What’s OPEC’s game plan?
Saudi Energy Minister Prince Abdulaziz bin Salman reportedly made the call, but it's unclear why these specific outlets were targeted or whether it was just a power play since other reporters have not been excluded. At the summit, the group will decide how much oil to produce in the second half of the year.
The big question is whether OPEC+ will deepen oil cuts to try and offset lowish oil prices – which currently come in at around $70 a barrel, down from $87 in April.
Many analysts believe it’s unlikely the group will change its policy because it might ruffle feathers in Beijing, the kingdom's top oil customer. Interestingly, it would also be very unpopular with the West, which says that boosting prices would give Moscow more income to fund its war machine and could also undermine global efforts to address inflation.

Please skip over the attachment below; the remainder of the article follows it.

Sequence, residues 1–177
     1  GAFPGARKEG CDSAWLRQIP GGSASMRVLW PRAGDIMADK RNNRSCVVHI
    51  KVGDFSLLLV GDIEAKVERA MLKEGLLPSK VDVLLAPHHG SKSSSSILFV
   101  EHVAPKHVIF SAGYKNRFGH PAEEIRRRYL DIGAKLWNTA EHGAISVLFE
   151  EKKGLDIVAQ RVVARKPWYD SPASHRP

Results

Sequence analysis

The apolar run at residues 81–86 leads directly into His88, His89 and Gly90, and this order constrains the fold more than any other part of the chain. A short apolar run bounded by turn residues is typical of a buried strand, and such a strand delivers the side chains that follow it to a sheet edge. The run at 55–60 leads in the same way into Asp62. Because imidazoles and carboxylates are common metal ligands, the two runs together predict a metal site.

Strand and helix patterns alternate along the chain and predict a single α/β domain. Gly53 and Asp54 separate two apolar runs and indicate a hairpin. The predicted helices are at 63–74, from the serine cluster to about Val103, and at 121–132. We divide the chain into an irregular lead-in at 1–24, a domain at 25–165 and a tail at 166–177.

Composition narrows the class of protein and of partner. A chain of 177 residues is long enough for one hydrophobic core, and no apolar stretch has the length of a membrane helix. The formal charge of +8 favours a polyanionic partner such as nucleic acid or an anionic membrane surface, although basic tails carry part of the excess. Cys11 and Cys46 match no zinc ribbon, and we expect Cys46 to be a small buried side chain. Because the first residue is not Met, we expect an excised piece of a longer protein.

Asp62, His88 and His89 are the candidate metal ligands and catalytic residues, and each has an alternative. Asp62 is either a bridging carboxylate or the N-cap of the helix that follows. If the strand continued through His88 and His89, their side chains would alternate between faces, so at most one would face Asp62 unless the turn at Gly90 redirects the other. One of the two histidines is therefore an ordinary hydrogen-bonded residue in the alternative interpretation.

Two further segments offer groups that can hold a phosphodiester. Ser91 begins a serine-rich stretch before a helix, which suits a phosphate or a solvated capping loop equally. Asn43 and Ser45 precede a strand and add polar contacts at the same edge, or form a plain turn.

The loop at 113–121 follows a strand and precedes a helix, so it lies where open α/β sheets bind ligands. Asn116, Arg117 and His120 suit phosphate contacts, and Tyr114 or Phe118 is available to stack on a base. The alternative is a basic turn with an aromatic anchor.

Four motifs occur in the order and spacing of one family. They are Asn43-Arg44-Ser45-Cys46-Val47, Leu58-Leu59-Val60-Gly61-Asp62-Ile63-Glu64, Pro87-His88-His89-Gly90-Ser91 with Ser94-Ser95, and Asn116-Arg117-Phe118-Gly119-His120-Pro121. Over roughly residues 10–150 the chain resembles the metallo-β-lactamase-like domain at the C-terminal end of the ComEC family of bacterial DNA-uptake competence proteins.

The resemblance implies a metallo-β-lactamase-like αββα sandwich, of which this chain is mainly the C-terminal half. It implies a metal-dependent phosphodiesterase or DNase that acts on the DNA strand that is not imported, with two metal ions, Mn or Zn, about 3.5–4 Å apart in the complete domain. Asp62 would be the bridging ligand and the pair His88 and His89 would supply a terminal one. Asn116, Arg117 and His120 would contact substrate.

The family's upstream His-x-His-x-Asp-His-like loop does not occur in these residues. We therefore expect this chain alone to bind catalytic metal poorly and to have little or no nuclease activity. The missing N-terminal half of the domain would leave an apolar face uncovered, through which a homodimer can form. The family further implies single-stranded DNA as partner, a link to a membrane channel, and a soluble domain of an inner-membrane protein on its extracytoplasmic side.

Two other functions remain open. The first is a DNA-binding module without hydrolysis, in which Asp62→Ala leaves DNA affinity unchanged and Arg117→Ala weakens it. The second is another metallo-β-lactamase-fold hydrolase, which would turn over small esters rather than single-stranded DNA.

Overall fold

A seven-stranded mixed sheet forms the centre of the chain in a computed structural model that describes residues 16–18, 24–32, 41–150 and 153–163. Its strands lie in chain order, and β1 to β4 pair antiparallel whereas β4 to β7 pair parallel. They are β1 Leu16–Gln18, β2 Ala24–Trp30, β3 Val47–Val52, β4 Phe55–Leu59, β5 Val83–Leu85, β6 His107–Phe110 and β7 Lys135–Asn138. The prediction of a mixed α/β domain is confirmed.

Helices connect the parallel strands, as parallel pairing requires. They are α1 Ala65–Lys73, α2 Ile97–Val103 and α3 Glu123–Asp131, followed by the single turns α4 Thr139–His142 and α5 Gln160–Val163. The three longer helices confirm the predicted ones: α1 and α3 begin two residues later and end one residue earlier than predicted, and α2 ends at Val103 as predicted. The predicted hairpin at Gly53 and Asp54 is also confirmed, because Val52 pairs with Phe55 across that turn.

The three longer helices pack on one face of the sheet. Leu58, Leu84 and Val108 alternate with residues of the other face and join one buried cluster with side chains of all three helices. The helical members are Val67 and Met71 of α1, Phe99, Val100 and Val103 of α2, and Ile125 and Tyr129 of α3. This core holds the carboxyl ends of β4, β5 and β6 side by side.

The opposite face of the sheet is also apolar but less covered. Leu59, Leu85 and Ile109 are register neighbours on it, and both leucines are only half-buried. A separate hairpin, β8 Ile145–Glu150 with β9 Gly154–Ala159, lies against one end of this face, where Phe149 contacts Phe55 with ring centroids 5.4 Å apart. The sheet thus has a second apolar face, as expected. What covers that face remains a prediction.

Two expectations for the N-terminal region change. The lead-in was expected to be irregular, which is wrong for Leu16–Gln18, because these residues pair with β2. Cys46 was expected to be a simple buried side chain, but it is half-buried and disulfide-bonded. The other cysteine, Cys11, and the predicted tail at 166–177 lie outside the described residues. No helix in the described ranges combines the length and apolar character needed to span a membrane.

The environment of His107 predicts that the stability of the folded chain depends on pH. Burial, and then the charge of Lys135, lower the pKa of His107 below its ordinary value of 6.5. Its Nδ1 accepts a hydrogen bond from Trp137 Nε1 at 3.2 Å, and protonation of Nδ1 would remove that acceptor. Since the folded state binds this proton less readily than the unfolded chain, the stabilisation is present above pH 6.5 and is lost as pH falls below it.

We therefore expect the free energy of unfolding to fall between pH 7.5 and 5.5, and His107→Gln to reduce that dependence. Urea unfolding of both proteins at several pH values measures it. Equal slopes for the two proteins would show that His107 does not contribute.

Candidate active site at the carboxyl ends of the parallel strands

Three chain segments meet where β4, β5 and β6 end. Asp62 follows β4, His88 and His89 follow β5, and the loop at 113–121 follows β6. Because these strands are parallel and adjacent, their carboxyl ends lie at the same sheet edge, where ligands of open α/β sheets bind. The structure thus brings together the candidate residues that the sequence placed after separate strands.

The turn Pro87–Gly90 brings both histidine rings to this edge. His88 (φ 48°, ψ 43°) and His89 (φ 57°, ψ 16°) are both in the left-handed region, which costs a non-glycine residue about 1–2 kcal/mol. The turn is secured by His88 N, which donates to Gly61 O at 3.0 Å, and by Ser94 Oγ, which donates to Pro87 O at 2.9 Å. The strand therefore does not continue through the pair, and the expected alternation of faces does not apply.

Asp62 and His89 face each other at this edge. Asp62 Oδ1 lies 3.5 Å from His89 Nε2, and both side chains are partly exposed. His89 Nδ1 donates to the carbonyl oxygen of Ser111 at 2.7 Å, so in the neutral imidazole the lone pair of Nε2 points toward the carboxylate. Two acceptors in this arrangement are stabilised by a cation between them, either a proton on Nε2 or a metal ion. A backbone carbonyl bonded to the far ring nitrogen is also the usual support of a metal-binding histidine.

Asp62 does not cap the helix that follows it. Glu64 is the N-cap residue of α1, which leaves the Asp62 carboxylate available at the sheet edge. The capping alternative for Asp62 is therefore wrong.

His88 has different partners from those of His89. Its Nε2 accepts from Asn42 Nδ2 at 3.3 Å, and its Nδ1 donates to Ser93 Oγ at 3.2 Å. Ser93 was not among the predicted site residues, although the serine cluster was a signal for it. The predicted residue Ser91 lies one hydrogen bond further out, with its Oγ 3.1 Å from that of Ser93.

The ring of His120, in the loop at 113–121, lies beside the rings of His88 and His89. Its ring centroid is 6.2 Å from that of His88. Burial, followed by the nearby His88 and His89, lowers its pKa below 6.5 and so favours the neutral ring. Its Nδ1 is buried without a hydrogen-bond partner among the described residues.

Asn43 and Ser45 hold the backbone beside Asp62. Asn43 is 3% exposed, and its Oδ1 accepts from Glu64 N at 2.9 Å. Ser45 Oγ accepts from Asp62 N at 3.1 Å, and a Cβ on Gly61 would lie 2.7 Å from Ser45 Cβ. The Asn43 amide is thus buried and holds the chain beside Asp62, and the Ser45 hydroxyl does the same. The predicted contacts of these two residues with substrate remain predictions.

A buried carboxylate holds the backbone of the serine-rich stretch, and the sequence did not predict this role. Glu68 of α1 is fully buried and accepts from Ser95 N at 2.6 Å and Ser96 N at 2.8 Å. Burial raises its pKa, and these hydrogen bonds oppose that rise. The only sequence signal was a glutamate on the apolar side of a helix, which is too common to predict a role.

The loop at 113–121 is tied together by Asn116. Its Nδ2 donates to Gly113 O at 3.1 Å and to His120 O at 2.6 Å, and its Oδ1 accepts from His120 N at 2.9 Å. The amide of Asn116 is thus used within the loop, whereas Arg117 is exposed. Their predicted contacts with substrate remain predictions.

But the same group of oil producers surprised many by slashing output back in April to boost prices. What’s more, Riyadh last week told some investors to “watch out,” a vague warning, some say, that more cuts could be coming in the next six months.